Mumbai/Bengaluru: In the go-go years of 2014-15, it was gross merchandise value (GMV); now, it’s unit economics. Entrepreneurs and investors have used a variety of metrics to measure the performance and the worth of consumer internet companies.
Mint takes a look at some of the frequently used terminologies that have shaped the narrative on home-grown start-ups.
Gross merchandise value
Gross merchandise value or GMV was the favourite metric of e-commerce companies used to highlight their explosive growth. GMV essentially signifies the value of goods sold on an online marketplace, but does not take into account factors such as product returns and discounts, the nemesis of unit economics (explained next). Consequently, it does not present a reliable picture of the company’s health. Online marketplaces charge sellers a commission on the products sold, which account for the revenue. For instance, a high-end phone will significantly add to the company’s GMV, but not much to its revenue as commission on phones could be anywhere between 3% and 10%. So an iPhone with a GMV of Rs.50,000 could get revenue of between Rs.1,500 to Rs.5,000, or even lower, if there are discounts and none of the phones are returned.
Start-ups are increasingly focusing on achieving unit economics after investors clawed back on investments starting late last year. A business model is considered apt if it is unit economics positive, in other words, if revenues generated from the sale of a product are more than the direct cost associated with selling the product.
Transacting users or active users are those who actually buy products or services on a platform at some sort of defined frequency. A user who transacts at least once a month represents a transacting user. Though it is not a comprehensive metric in itself, the number of transacting users is nevertheless important as it gives a sense of the potential size of the overall market.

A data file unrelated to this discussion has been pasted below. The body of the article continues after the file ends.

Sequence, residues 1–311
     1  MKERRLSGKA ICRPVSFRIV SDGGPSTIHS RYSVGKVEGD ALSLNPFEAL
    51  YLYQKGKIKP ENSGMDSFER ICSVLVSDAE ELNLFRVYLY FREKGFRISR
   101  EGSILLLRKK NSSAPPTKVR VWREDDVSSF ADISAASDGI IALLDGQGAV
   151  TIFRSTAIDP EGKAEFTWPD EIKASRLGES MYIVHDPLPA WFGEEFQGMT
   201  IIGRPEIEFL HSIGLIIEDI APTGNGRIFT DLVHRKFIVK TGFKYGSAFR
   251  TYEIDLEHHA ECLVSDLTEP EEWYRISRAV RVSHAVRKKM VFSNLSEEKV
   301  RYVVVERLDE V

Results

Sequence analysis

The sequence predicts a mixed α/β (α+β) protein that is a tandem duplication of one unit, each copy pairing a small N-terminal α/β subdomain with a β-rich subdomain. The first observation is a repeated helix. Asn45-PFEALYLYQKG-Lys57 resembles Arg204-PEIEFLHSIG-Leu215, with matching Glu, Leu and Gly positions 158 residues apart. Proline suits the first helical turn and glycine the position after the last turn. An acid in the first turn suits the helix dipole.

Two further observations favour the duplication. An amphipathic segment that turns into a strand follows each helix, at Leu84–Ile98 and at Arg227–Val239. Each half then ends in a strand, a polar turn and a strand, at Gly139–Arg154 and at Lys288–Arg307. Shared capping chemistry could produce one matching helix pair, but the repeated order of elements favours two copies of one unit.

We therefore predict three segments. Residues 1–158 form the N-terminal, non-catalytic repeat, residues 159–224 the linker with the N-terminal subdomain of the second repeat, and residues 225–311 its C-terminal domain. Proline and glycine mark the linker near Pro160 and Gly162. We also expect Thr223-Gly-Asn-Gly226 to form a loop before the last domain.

Repeat users are consumers who transact more than once or make repeat purchases on a platform within a given time frame. Again, the frequency and time frame depends on the company in question. Tracking repeat users is important because it is a proxy for customer loyalty. There is a thin line between an active user and a repeat user. For instance, a newly acquired customer will be considered an active user, and to become a repeat user, the customer will have to transact again within a given time frame.
Customer acquisition cost
This refers to the expenses incurred by the company for acquiring a customer, primarily discounts and advertising. Customer acquisition cost or CAC can be derived by dividing total money spent to acquire a customer, divided by the total number of customers acquired within a given time frame. For an e-commerce company, the lower the customer acquisition cost, the better. But in a hyper-competitive market like India, start-ups have had high CAC.
Lifetime value of customer
Lifetime value (LTV) of a customer reflects on the business a company can generate from a consumer during its relationship with the consumer or before the consumer veers to a rival business. The companies internally decide upon a pre-determined longer time frame to calculate lifetime value. LTV is expected to be bigger than CAC to make the business sustainable.
Cash flow positive
While consumer Internet start-ups need to burn cash initially to achieve growth, positive cash flow is the latest metric these companies are aiming for. It essentially implies that outflow of cash is less than inflow of cash. In other words, these start-ups pay for operational costs of the business with revenue generated from sales, rather than using external funding.
Burn rate signifies cash spent by companies within a given time frame. So if a company claims to have a monthly burn rate of $1 million (Rs.6.67 crore), it means that the company is spending $1 million every month.